After walking last week when the jury at his sexual assault trial couldn’t come to a verdict, Bill Cosby is planning to travel around the country to educate men – specifically athletes and married men – how to avoid getting charged with offenses similar to the one he faced.
“Mr. Cosby wants to get back to work,” the comedian/actor’s spokesman Andrew Wyatt told WBRC Fox6 News anchor in Birmingham this week (via Washington Post). “We are now planning town halls. …
“This is bigger than Bill Cosby,” Wyatt continued. “This issue can affect any young person, especially young athletes of today, and they need to know what they’re facing when they’re hanging out and partying, when they’re doing certain things they shouldn’t be doing. And it also affects married men.”
No one is advocating rape here, but Wyatt’s point that athletes are often the targets of unwarranted accusation is valid.
Predictably, though, the whole town hall plan isn’t going over well with feminists.
“It would be more useful if Mr. Cosby would spend time talking with people about how not to commit sexual assault in the first place,” said Jodi Omear of the Rape, Abuse and Incest National Network (RAINN) told Newsweek.
Wyatt brought with him Ebonee Benson, who works at Wyatt’s PR shop, Purpose PR, perhaps to add a female voice to the campaign. Benson stressed that statute of limitations laws are loosening and so are people’s perspectives about what constitutes sexual assault in these hyper-sensitive times.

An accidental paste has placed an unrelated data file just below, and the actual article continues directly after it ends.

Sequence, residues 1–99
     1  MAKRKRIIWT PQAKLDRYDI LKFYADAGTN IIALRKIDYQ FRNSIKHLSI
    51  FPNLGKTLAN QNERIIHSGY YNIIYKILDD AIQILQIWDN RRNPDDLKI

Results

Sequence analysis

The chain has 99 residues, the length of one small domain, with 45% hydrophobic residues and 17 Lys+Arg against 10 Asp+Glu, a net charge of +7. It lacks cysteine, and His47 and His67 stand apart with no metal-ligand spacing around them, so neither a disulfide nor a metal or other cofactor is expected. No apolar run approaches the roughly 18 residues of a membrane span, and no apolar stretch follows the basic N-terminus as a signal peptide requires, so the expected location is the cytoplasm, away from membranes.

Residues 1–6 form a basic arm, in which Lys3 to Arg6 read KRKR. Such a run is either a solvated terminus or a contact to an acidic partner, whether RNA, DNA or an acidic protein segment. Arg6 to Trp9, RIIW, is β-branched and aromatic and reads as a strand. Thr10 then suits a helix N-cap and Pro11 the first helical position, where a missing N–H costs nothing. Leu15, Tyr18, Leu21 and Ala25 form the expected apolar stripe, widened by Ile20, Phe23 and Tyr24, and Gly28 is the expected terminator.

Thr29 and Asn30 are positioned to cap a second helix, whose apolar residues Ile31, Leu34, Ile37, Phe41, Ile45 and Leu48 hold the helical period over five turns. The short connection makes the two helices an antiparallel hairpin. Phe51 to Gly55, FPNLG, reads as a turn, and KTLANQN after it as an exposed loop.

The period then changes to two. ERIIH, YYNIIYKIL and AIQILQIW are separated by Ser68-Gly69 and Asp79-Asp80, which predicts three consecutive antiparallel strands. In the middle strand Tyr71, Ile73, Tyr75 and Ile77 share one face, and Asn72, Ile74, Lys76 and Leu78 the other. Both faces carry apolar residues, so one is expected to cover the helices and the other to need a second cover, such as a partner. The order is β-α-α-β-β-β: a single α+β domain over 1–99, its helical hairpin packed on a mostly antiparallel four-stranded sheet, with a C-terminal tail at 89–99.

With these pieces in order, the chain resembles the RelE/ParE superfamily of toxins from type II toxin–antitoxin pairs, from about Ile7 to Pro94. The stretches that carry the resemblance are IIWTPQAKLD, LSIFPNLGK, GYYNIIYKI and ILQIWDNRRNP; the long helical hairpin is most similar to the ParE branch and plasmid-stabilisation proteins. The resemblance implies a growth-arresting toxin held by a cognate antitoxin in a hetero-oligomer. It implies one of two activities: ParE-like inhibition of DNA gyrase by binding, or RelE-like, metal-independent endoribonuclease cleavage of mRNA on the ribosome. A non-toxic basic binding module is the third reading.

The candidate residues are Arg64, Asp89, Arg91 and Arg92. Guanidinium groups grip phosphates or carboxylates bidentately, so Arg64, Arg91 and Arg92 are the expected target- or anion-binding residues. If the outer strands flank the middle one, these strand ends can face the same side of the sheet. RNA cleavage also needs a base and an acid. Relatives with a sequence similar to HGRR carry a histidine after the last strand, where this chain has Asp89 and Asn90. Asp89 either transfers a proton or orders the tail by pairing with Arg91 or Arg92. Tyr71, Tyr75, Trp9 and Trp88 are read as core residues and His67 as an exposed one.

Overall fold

“Laws are changing,” Benson said. “The statute of limitations for victims of sexual assault are being extended, so this is why people need to be educated on a brush against a shoulder, anything at this point can be considered sexual assault. It’s a good thing to be educated about the laws.”
While 60 women have stepped forward to accuse Cosby of drugging and raping them, the prosecution’s case against him was weak – and to Benson’s point, the long time frame between Cosby’s alleged crime and the trial had a lot to do with that.
Cosby was on trial for raping one woman – Andrea Constand – not 60, and the alleged attack occurred in 2004. Constand had trouble consistently piecing together the details, to be expected considering whatever happened happened 13 years ago.
So while the nation melted down when the Cosby jury was declared “hopelessly deadlocked,” no one should have been surprised.